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American Mathematical Society (pdf)
New York Times
Simon McLeish

John Horgan

The end of science

Can science keep going on at an ever accelerating rate, or will the flow of new ideas dry up in the near future? Horgan asks plenty of well known scientists but doesn't listen to their answers - he's already decided in his own mind, in which science seems to be a form of post-modernist literary criticism. Science is called naïve when dealing with something which is well known, ironic when it's more speculative, so you can't win either way. There's not much here if you want a map of how science will progress in the coming decades, but the book is worth reading for the interviews with such a diverse range of scientists - Horgan manages to get them to answer some awkward questions without being thrown out of the door.

The book covers a wide range of subjects, starting with philosopy and moving through physics and cosmology to evolution, social science and neuroscience. In the later chapters on chaos and artificial intelligence there's more scope for Horgan's criticism of excessive speculation. There's also a chapter on the 1994 Santa Fe conference on the Limits to Scientific Knowledge. In the final chapter, in his responses to his critics, Horgan's arguments seem much more cogent than at the start of the book. Unfortunately the end of the book is reached before this new mode of reasoning makes much progress. info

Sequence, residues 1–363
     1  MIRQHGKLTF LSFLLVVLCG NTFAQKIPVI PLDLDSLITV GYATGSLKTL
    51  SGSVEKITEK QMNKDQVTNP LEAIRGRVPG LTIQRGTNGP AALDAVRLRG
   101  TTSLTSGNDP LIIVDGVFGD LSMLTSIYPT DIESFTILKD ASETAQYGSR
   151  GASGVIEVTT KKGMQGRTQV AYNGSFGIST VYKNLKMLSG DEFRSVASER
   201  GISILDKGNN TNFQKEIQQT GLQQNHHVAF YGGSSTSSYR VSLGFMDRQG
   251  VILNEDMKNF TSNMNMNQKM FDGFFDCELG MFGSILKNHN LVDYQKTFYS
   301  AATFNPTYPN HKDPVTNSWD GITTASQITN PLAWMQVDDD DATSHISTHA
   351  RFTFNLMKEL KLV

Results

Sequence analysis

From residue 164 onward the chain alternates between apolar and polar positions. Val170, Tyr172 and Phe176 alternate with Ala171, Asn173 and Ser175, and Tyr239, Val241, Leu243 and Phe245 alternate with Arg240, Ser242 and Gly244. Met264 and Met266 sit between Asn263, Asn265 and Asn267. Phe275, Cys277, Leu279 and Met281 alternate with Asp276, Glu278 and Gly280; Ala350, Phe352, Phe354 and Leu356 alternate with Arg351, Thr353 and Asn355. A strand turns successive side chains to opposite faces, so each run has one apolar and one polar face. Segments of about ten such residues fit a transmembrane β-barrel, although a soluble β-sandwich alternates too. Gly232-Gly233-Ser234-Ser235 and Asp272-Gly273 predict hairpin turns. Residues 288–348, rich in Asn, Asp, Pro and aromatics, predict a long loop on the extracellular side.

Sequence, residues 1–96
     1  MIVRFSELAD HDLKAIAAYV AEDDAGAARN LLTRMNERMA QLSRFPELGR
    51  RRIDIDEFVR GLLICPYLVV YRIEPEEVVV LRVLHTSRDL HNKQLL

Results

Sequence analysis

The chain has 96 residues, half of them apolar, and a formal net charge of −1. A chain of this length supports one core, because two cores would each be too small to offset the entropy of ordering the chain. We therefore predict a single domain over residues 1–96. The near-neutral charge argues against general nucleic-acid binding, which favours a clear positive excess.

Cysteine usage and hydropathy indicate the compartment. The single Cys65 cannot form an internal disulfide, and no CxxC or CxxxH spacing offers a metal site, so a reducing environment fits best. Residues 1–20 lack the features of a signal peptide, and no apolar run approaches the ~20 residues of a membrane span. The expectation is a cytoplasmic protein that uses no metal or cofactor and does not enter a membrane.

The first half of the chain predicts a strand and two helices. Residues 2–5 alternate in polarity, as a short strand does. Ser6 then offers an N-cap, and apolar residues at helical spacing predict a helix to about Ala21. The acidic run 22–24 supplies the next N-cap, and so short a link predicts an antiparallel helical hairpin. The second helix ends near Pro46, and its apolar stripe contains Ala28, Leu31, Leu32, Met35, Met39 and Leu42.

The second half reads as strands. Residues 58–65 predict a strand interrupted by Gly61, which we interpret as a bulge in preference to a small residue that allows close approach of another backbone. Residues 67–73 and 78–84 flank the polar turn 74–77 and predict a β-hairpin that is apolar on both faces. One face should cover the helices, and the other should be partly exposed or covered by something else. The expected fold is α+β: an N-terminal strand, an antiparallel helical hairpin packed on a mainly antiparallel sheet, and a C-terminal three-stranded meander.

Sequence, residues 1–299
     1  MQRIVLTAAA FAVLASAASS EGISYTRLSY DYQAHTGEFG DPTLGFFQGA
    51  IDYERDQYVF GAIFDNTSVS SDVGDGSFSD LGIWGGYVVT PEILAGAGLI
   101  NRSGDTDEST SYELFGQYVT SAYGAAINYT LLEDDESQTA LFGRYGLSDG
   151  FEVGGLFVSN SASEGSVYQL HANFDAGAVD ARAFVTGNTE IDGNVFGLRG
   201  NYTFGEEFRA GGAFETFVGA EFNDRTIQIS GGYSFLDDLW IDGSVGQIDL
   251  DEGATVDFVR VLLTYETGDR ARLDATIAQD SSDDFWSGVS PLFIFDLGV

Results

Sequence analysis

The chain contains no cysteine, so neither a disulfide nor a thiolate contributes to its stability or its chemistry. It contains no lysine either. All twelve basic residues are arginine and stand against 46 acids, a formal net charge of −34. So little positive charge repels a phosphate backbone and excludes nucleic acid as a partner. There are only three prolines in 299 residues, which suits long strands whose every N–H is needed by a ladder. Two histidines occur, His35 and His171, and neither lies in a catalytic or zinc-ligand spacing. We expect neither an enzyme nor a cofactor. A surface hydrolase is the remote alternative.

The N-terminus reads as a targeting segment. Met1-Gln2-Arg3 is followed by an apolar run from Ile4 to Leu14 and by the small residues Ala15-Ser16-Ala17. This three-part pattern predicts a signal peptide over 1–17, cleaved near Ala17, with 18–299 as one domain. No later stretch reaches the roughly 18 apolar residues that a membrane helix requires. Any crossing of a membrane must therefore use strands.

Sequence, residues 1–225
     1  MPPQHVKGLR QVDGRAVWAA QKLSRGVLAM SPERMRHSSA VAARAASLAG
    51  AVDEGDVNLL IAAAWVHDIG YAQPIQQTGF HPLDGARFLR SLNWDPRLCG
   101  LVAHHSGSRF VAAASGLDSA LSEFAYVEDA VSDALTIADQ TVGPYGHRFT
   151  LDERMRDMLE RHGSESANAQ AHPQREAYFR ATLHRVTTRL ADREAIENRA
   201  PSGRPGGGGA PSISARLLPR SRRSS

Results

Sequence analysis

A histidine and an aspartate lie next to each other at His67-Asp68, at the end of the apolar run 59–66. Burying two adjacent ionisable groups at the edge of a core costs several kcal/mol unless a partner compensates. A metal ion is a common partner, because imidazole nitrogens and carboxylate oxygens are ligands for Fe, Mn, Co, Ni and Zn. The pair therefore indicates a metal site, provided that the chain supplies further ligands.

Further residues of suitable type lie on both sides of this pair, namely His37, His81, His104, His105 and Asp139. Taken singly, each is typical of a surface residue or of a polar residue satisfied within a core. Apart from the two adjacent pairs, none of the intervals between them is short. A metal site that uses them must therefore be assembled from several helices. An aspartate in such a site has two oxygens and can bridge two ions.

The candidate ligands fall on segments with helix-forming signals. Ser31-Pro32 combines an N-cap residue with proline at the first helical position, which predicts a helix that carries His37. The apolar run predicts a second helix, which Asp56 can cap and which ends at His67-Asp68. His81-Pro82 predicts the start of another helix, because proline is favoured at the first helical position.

Paperback 322 pages  
ISBN: 0553061747
Salesrank: 2210140
Weight:0.75 lbs
Published: 1997 Broadway Books
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Paperback 334 pages  
ISBN: 0316640522
Salesrank: 2118831
Weight:0.95 lbs
Published: 1997 Little, Brown
Marketplace:New from £3.82:Used from £0.01
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Paperback 336 pages  
ISBN: 0553061747
Salesrank: 508489
Weight:0.75 lbs
Published: 1997 Broadway Books
Marketplace:New from CDN$ 25.51:Used from CDN$ 0.01
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Product Description
As a writer for SCIENTIFIC AMERICAN, John Horgan has an unsurpassed window on contemporary science, routinely interviewing the scientific geniuses of our times, scientists such as Richard Dawkins, Murray Gell-Mann, Stephen Hawking, Karl Popper and Noam Chomsky. In THE END OF SCIENCE, Horgan displays his genius for getting these larger-than-life figures to be human, whilst also encouraging them to confront the very limits of knowledge. Have the big questions all been answered? Has all the knowledge worth pursuing become known? Will there be a final 'theory of everything' that signals the end? Horgan extracts surprisingly candid answers to these and other delicate questions as he discusses God, Star Trek, superstrings, quarks, consciousness and numerous other topics. In a time where scientific rationality is under fire from every quarter, THE END OF SCIENCE is a witty, thoughtful, profound and entertaining narrative which serves as both a critique of and a homage to modern science.